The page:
Bienvenido! - Willkommen! - Welcome!

Bitácora Técnica de Tux&Cía., Santa Cruz de la Sierra, BO
Bitácora Central: Tux&Cía.
Bitácora de Información Avanzada: Tux&Cía.-Información
May the source be with you!

Saturday, February 27, 2010

Ownership of a file or folder

In earlier versions of Windows there were no command-line tools to take ownership of files or folders. You needed to use the Security tab in the file or folder properties to change the ownership of an item. Windows 7 and Windows Vista include a command-line tool named Takeown.exe that can be used from an admin Command Prompt to change the ownership of a file system object easily.

Taking ownership of a file
Open an elevated Command Prompt window. To do so, click Start, click All Programs, click Accessories, right-click Command Prompt, and then click Run as Administrator.
Type the following command and press ENTER:
(Replace the text with the full path of the actual file.)
If the operation was successful, you should see the following message:
"SUCCESS: The file (or folder): "filename" now owned by user "Computer Name\User name"."
Then to assign the Administrators group Full Control Permissions for the file, you may use the ICACLS command. Use this syntax:
ICACLS /grant administrators:F

Taking ownership of a folder
Use the following syntax:
takeown /f /r /d y
Then to assign the Administrators group Full Control Permissions for the folder, use this syntax:
icacls /grant administrators:F /T
The /T parameter is added so that the operation is carried out through all the sub-directories and files within that folder.
Command-line help: To know more information about the above commands, run these commands from a Command Prompt window.
takeown /?
icacls /?

#1 Command Script
To further simplify the process of taking ownership, Tim Sneath of Microsoft provides a .CMD file (Windows Command Script) which takes ownership and assigns Full Control Permissions to Administrators for the directory which is passed as a parameter to the CMD file. For more information, read Tim’s post Windows Vista Secret #11: Deleting the Undeletable.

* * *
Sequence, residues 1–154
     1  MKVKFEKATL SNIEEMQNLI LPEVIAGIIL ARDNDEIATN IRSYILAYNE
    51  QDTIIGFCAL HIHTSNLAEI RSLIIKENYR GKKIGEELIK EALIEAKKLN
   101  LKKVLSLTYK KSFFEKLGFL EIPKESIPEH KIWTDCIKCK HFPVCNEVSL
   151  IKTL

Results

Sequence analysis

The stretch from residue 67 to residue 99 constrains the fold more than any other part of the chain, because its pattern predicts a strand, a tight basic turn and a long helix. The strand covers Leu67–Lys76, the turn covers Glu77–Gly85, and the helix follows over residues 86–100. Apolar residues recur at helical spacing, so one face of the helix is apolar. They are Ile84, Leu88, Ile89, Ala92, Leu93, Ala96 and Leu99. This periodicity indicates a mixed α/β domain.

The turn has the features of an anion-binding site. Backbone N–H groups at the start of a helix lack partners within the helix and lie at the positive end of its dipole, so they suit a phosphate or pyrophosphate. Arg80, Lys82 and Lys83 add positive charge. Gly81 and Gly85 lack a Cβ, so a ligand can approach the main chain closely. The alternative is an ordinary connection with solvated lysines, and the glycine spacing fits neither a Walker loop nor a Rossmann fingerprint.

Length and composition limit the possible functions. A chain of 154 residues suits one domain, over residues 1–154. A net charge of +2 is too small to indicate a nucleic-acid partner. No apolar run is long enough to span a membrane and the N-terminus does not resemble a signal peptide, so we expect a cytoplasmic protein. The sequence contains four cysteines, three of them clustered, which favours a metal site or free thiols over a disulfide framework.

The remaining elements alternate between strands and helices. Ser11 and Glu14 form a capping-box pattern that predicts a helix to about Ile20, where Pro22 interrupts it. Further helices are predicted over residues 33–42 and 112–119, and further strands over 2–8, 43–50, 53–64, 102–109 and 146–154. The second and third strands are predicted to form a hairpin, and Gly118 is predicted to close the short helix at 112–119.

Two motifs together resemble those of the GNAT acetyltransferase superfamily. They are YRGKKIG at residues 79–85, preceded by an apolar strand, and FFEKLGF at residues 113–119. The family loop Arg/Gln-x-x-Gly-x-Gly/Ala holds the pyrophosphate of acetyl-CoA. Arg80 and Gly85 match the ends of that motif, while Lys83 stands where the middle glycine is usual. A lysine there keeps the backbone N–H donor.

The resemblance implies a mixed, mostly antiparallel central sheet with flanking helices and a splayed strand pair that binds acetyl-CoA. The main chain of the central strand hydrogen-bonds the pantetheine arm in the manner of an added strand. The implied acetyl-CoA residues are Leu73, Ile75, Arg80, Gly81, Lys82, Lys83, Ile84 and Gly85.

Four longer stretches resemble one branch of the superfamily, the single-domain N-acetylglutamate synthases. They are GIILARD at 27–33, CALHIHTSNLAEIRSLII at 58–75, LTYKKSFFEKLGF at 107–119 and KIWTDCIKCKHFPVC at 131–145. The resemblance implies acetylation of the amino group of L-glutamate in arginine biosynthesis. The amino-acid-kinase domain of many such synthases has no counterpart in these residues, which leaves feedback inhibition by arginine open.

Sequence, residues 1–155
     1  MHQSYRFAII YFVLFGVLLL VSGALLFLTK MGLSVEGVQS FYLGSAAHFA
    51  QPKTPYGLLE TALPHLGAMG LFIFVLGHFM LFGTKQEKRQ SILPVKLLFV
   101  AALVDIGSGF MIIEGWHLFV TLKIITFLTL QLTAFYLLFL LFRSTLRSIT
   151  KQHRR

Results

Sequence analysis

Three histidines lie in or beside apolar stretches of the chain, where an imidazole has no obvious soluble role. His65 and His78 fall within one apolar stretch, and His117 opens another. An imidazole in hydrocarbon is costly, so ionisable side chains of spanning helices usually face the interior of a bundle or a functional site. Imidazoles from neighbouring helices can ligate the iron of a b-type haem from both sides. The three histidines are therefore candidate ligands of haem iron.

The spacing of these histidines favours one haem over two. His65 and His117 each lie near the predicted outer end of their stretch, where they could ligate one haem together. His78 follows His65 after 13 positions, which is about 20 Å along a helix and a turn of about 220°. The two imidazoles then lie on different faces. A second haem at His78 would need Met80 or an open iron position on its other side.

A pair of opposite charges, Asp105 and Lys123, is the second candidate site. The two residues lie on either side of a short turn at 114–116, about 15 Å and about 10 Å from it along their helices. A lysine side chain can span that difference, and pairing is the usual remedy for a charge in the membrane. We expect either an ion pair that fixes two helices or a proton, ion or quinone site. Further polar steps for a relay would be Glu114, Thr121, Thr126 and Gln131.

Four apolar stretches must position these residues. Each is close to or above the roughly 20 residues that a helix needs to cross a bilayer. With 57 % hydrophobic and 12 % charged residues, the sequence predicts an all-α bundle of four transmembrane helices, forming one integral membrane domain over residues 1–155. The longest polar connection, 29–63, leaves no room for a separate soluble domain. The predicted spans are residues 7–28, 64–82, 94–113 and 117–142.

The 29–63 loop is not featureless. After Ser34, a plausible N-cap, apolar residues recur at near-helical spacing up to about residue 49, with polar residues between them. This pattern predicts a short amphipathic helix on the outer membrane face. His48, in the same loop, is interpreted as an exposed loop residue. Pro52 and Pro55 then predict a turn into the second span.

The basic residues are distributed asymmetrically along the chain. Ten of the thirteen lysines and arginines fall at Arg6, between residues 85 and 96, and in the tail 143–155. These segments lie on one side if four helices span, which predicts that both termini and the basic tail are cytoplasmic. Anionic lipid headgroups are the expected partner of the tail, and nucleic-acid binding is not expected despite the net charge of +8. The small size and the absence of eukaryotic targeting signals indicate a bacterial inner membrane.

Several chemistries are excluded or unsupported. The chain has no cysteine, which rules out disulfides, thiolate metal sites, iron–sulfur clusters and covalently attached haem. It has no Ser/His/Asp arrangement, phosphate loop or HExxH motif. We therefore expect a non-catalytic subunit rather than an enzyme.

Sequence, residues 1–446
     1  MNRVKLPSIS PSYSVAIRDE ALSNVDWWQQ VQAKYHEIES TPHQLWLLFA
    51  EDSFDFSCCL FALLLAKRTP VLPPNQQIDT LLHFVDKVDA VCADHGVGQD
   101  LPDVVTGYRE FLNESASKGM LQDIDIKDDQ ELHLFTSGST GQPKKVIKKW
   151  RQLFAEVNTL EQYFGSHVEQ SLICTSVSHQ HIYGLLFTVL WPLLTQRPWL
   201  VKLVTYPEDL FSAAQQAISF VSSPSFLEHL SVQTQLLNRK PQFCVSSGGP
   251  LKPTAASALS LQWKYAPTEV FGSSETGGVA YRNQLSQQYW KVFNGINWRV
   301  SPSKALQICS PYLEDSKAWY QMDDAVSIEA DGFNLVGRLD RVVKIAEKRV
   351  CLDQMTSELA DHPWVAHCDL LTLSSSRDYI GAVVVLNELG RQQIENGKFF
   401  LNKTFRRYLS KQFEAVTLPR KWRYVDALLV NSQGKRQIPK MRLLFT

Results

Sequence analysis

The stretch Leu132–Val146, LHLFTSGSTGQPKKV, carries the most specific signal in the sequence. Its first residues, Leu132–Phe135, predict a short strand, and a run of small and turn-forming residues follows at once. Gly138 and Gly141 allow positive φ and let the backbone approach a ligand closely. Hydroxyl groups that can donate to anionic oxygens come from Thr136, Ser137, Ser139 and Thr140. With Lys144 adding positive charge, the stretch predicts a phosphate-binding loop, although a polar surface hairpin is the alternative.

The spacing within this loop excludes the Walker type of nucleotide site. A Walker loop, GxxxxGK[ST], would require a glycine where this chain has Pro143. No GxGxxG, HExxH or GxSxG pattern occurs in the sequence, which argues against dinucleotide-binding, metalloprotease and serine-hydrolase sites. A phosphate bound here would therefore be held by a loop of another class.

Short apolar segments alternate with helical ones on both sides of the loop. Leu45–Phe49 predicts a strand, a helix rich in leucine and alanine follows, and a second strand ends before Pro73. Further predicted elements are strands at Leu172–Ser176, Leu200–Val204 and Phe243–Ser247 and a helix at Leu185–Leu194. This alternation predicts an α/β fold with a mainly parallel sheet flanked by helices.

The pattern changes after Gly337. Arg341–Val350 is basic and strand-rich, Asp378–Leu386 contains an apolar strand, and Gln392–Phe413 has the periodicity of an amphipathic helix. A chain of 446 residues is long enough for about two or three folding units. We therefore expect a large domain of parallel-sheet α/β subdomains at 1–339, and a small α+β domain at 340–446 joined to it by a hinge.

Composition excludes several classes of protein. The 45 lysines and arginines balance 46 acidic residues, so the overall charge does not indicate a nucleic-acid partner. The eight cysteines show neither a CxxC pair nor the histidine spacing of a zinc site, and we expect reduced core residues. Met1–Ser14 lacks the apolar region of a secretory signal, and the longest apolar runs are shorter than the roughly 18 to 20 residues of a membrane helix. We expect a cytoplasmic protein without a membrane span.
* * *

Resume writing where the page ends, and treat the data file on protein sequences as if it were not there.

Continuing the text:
#2 Add "Take Ownership" command to the Context menu
This again uses the special runas verb in Windows 7/Vista, which has been covered many times in this Website (REF runas).
Download takeown_context.reg and save to Desktop. Right-click on the file and choose Merge. Click Yes when asked for confirmation.
This adds an extended command named Take Ownership in the context menu for files and directories. To access the command, you need to press and hold the SHIFT key down, and then right-click on a file or folder.
Sample Scenario: Let’s assume that you’re trying to delete a folder for which you don’t have permissions (although you’re logged in as Administrator) and getting an Access Denied error:
Simply press and hold the SHIFT key down, and right-click on the folder that you want to delete. Click the Take Ownership command.
You should now be able to delete that folder!

Deleting the Undeletable It's not unusual to find some folders that can't be accessed, even by an administrator, because their ACLs were set for accounts with SIDs that applied to an old partition. For example, on my home machine, I switched the C: and D: drive cables around and installed Windows Vista RTM on the new drive. Having tested everything worked, I wanted to delete some old redundant directories (like the old \Program Files directory). If even an administrator can't access the file, how do you take it back?
The secret lies in two command-line utilities, one ancient, the other completely revised for this release. Respectively, these are

  • takeown (which takes ownership of a file or directory) and
  • icacls (which sets new ACLs on that directory).

I created a small batch command on my system called itsmine.cmd, as follows:
   takeown /f %1 /r /d y
   icacls %1 /grant administrators:F /t

From an elevated command prompt, you can run a command such as itsmine d:\hard_to_delete and this will reset ownership and ACLs on the hard_to_delete directory such that a command like
rd /s d:\hard_to_delete
should work.

No comments: